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The Incredulity of Saint Thomas by Caravaggio, 1601-1602, Sanssouci Palace, Potsdam, Germany

In the past two weeks I ran out of time to work on this blog because of being sick, performing concerts with California Bach Society, and being on a trial jury for the first time since becoming a United States citizen in 2011. So this post for the First Sunday after Easter in 1724 is post-dated, and short, but contains lots of information to learn more about this beautiful cantata.

Previously in 1724: Bach “premiered” his Passion according to St. John on Good Friday, April 7, 1724. Then he ran out of time and energy and, without too much care for detail and text illustration, created cantatas out of existing music for Easter Monday and Easter Tuesday of that year.

This means that the first new composition he wrote after the St. John Passion was this cantata 67 Halt im Gedächtnis Jesum Christ (keep thinking of Jesus Christ), based on the Gospel text of Jesus appearing to his disciples. A famous cantata, already known and admired in the early 19th century, especially because of the dramatic fourth movement for choir and bass, which Bach would later transform into the Gloria of his Missa Brevis in A (BWV 234).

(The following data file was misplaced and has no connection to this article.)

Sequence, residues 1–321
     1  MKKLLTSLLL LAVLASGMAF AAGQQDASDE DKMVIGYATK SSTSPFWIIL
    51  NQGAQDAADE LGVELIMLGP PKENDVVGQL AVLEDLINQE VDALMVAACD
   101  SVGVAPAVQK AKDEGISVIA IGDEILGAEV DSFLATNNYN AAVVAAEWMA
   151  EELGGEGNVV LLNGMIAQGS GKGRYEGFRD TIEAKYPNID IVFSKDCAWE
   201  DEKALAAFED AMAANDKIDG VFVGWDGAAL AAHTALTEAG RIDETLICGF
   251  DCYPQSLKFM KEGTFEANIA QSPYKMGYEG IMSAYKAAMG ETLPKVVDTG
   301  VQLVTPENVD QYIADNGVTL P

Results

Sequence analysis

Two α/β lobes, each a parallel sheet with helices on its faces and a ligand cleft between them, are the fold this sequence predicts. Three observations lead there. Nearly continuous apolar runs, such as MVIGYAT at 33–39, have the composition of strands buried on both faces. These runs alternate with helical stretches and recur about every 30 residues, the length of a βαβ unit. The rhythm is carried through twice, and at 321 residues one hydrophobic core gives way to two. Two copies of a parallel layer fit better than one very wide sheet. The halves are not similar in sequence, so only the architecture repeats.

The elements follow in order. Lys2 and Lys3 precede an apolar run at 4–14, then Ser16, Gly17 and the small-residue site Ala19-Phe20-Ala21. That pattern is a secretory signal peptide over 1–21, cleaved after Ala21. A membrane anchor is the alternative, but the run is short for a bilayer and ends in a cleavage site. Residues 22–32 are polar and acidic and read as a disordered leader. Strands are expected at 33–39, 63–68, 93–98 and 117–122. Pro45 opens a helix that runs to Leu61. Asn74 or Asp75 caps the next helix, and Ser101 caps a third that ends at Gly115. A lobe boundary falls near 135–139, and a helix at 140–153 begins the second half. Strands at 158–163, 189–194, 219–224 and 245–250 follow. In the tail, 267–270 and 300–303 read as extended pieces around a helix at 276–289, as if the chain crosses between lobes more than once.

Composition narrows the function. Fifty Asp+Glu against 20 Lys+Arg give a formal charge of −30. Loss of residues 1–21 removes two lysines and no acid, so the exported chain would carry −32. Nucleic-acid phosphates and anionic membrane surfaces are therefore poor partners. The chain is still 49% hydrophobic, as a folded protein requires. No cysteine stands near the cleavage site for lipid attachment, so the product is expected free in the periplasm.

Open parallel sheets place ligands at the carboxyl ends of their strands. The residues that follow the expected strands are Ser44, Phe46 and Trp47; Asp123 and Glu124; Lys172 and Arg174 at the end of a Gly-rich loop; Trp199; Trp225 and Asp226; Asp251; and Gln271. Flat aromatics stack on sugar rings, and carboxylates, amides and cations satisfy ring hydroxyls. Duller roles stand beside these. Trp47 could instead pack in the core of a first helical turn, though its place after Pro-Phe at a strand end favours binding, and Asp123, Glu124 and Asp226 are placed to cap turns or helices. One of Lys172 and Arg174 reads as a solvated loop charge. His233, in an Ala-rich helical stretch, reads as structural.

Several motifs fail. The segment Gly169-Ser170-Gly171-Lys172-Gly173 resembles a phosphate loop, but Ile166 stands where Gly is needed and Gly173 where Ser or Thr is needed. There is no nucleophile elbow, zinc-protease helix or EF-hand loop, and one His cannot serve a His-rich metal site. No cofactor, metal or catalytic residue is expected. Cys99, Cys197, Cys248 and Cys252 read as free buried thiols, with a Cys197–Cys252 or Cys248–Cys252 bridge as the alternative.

For the background of this cantata I will refer you to the experts, in this 15-minute video by the Netherlands Bach Society, published within their AllofBach series. The video is in Dutch, with English subtitles. It talks about Bach including a flute (not a recorder!) for the first time in a cantata, the meaning behind the text, and the use of the slide-trumpet “corno da tirarsi.”

Listen to and watch their performance here, find the text here, and find the score here. The Netherlands Bach Society, conducted by Jos van Veldhoven, with countertenor Alex Potter, tenor Thomas Hobbs, and bass Peter Kooij.

Wieneke Gorter, April 30, 2017.